(d) Approval or disapproval by resident school district.--Within 30 days after a student's parent or guardian submits a written request to the resident school district seeking the student's enrollment in the recovery high school under the program, the resident school district shall issue written notice to the parent or guardian approving or disapproving the request.

(e) Hearing.--If a parent or guardian disagrees with a resident school district's disapproval of the student's enrollment in the recovery high school under the program, the following shall apply:

(1) For a student with an IEP, the due process hearing requirements of 22 Pa. Code Ch. 14 (relating to special education services and programs) shall apply.

(2) For a student without an IEP, the resident school district shall follow a notice and hearing process that the department shall develop and post on its publicly accessible Internet website.

(3) If a student's enrollment in the recovery high school under the program is not approved by the student's resident school district or if the student's parent or guardian chooses not to participate in the program established under section 1402-A, the student's parent or guardian may pay the student's tuition to enroll in the recovery high school, provided that the recovery high school has approved the student's enrollment in the recovery high school.

24 Pa PS 1404-A. Academic programs.

(a) Assessments.--The recovery high school shall administer to all students enrolled in the recovery high school under the program any assessments that are required under 22 Pa. Code Ch. 4 (relating to academic standards and assessment). Student scores on any required assessments shall be attributed to the student's resident school district for purposes of compliance with the Every Student Succeeds Act (Public Law 114-95, 129 Stat. 1802).

(b) Certification.--At least 75% of the professional staff members of the recovery high school shall hold appropriate State certification, provided that all professional staff members of the recovery high school who are responsible for providing special education services to students enrolled in the recovery high school under the program shall hold appropriate State certification in special education.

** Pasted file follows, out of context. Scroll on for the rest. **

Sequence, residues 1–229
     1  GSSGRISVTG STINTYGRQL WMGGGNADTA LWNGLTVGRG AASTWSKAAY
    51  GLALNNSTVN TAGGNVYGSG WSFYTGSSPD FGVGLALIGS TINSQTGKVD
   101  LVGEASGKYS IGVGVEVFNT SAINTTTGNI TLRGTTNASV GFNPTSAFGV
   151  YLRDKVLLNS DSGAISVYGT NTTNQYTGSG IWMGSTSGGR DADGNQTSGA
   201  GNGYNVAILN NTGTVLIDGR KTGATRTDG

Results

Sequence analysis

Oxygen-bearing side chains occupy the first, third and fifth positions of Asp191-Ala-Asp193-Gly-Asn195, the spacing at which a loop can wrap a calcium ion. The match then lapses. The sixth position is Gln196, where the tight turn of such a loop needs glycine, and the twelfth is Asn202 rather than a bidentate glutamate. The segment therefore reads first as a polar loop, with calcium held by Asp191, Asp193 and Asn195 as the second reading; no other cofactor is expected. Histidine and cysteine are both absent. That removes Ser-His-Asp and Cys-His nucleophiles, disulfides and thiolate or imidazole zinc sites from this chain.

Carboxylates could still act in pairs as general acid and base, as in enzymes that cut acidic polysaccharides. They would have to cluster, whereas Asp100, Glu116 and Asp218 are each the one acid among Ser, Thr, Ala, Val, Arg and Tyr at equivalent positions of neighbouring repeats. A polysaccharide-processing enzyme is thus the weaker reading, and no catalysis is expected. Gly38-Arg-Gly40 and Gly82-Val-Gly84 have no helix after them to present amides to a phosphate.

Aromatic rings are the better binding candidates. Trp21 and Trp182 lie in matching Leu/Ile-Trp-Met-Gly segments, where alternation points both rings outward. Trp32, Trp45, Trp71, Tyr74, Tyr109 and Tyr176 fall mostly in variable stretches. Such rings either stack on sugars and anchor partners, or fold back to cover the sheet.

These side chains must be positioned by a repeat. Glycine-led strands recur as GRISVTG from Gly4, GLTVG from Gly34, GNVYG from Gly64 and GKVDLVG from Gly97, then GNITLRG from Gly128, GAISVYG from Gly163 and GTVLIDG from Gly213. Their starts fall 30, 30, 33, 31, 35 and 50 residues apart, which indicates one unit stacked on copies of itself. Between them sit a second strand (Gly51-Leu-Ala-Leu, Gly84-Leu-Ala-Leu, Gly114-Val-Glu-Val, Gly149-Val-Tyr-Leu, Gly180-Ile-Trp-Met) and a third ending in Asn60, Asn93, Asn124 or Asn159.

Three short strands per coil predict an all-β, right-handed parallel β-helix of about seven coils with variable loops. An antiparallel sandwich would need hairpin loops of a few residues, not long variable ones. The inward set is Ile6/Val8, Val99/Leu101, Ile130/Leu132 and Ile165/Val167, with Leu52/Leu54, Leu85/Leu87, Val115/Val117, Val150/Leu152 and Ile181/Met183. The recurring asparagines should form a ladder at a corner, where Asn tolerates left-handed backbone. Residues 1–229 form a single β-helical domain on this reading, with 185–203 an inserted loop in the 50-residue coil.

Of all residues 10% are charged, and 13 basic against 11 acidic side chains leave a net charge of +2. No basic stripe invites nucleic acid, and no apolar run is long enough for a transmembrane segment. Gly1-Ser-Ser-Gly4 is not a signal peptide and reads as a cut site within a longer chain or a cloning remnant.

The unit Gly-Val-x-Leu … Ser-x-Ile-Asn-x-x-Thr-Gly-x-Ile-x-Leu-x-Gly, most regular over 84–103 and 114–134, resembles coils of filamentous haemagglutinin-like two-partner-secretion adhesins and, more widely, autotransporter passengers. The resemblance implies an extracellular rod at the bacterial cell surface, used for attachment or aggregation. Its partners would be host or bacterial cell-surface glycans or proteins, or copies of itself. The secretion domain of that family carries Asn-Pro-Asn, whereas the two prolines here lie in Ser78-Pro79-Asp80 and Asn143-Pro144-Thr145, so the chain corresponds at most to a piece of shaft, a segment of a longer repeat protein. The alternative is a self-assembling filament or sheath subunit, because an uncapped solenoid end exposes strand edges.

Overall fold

(c) Licensure.--If a student enrolled in the recovery high school is subject to an IEP, the recovery high school must be licensed to provide any services required to be provided under the student's IEP.

24 Pa PS 1405-A. Establishment and payment of tuition.

(a) Tuition rate.--No later than June 30 of each year, the department shall establish a per-student regular education tuition rate for each student enrolled in the recovery high school under the program, provided that the recovery high school may not set a per-student regular education tuition rate for students enrolled in the recovery high school who are not participants in the program that is lower than the per-student regular education tuition rate established for students enrolled in the recovery high school under the program. The per-student regular education tuition rate for students enrolled in the recovery high school under the program shall be determined as follows:

(1) For the 2016-2017 school year, the per-student regular education tuition rate for each student enrolled in the recovery high school under the program shall be $20,000.

(2) Beginning in the 2017-2018 school year, and in each school year thereafter, annual adjustments to the amount set forth in paragraph (1) shall be made as follows:

(i) The Department of Labor and Industry shall determine the percentage change in the Consumer Price Index for All Urban Consumers: All Items (CPI-U) for the United States City Average as published by the United States Department of Labor, Bureau of Labor Statistics, for the 12-month period ending September 30, 2016, and for each successive 12-month period thereafter.